SOC. They have differences of opinion, as you say, about good and evil, just and unjust, honorable and dishonorable: there would have been no quarrels among them, if there had been no such differences-would there now?

EUTH. You are quite right.

SOC. Does not every man love that which he deems noble and just and good, and hate the opposite of them?

EUTH. Very true.

SOC. But then, as you say, people regard the same things, some as just and others as unjust; and they dispute about this, and there arise wars and fightings among them.

EUTH. Yes, that is true.

SOC. Then the same things, as appears, are hated by the gods and loved by the gods, and are both hateful and dear to them?

EUTH. True.

SOC. Then upon this view the same things, Euthyphro, will be pious and also impious?

EUTH. That, I suppose, is true.

SOC. Then, my friend, I remark with surprise that you have not answered what I asked. For I certainly did not ask what was that which is at once pious and impious: and that which is loved by the gods appears also to be hated by them. And therefore, Euthyphro, in thus chastising your father you may very likely be doing what is agreeable to Zeus but disagreeable to Cronos or Uranus, and what is acceptable to Hephaestus but unacceptable to Here, and there may be other gods who have similar differences of opinion.

EUTH. But I believe, Socrates, that all the gods would be agreed as to the propriety of punishing a murderer: there would be no difference of opinion about that.

SOC. Well, but speaking of men, Euthyphro, did you ever hear any one arguing that a murderer or any sort of evil-doer ought to be let off?

EUTH. I should rather say that they are always arguing this, especially in courts of law: they commit all sorts of crimes, and there is nothing that they will not do or say in order to escape punishment.

SOC. But do they admit their guilt, Euthyphro, and yet say that they ought not to be punished?

EUTH. No; they do not.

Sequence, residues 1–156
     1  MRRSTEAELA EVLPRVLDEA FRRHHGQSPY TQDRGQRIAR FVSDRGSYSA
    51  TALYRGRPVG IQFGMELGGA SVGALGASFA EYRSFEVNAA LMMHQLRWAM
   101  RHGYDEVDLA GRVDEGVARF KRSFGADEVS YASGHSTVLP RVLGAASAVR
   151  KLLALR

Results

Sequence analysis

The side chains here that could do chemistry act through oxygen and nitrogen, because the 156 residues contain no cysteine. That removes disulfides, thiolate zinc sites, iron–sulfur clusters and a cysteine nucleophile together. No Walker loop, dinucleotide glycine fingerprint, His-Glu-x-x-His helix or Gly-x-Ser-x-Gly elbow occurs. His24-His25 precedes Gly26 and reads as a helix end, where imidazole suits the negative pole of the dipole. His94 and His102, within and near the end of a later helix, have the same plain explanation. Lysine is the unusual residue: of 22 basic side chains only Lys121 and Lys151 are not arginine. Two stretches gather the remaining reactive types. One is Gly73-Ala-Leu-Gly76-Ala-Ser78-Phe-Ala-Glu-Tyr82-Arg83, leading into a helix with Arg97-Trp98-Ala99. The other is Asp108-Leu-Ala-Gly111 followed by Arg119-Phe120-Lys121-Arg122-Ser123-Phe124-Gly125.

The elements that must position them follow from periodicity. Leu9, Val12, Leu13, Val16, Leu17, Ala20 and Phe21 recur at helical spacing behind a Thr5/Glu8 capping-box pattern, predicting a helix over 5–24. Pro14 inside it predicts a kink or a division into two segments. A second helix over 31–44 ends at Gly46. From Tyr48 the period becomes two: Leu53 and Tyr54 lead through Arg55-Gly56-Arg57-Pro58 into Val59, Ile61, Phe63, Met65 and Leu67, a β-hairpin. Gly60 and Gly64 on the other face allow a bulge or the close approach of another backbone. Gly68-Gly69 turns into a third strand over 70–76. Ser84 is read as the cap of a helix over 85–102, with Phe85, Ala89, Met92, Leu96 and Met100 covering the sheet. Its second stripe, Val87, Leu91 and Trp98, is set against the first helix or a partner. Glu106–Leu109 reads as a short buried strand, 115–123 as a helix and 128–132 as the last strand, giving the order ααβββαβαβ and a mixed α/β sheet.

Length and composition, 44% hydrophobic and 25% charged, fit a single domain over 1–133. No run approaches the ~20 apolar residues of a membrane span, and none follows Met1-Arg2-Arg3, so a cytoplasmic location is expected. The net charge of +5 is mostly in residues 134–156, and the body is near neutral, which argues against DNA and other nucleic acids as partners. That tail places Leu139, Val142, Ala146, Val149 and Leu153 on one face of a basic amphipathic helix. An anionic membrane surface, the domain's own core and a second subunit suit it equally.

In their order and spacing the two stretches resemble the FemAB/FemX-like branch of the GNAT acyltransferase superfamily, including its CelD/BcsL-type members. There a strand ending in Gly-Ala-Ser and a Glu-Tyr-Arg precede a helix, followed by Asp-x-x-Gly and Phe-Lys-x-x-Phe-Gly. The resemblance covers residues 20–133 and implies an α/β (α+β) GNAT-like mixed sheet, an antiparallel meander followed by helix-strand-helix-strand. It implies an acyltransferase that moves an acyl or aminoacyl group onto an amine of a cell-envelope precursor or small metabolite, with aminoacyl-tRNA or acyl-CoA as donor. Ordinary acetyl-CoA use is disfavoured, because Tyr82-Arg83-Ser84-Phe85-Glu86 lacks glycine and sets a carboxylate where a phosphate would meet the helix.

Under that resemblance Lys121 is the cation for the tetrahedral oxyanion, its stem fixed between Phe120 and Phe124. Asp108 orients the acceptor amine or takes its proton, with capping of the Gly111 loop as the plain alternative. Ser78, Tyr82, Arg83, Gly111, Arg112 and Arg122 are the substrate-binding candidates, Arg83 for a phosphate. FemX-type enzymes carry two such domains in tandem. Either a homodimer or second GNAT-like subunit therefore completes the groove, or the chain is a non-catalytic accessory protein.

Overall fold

SOC. Then there are some things which they do not venture to say and do: for they do not venture to argue that the guilty are to be unpunished, but they deny their guilt, do they not?

EUTH. Yes.

SOC. Then they do not argue that the evil-doer should not be punished, but they argue about the fact of who the evil-doer is, and what he did and when?

EUTH. True.

SOC. And the gods are in the same case, if as you imply they quarrel about just and unjust, and some of them say that they wrong one another, and others of them deny this. For surely neither God nor man will ever venture to say that the doer of evil is not to be punished:—you don't mean to tell me that?

EUTH. That is true, Socrates, in the main.

SOC. But they join issue about particulars; and this applies not only to men but to the gods; if they dispute at all they dispute about some act which is called in question, and which some affirm to be just, others to be unjust. Is not that true?

EUTH. Quite true.

SOC. Well then, my dear friend Euthyphro, do tell me, for my better instruction and information, what proof have you that in the opinion of all the gods a servant who is guilty of murder, and is put in chains by the master of the dead man, and dies because he is put in chains before his corrector can learn from the interpreters what he ought to do with him, dies unjustly; and that on behalf of such an one a son ought to proceed against his father and accuse him of murder. How would you show that all the gods absolutely agree in approving of his act? Prove to me that, and I will applaud your wisdom as long as you live.

EUTH. That would not be an easy task, although I could make the matter very clear indeed to you.


Excerpted from The Trial and Death of Socrates by PLATO, Shane Weller. Copyright © 1992 Dover Publications, Inc.. Excerpted by permission of Dover Publications, Inc..
All rights reserved. No part of this excerpt may be reproduced or reprinted without permission in writing from the publisher.
Excerpts are provided by Dial-A-Book Inc. solely for the personal use of visitors to this web site.

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Plato ranks among the most familiar ancient philosophers, along with his teacher, Socrates, and his student, Aristotle. In addition to writing philosophical dialogues — used to teach logic, ethics, rhetoric, religion, and mathematics as well as philosophy — he founded Athens' Academy, the Western world's first institution of higher learning.

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The Trial and Death of Socrates (Barnes & Noble Library of Essential Reading) 3.1 out of 5 based on 0 ratings. 16 reviews.
Anonymous More than 1 year ago
The manuscript was run off on a copy machine. Words are small and blurry. You cannot enlarge the print because of the manner in which they copied it. Do not bother downlaoding this version. Try another.
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I read this book for school and am really glad that i did. I learned a lot from it and really enjoyed it. I would suggest anyone read it. It might be difficult to read and understand for kids younger than twelve and anyone younger than that probably would not enjoy it either. I found it very interesting though.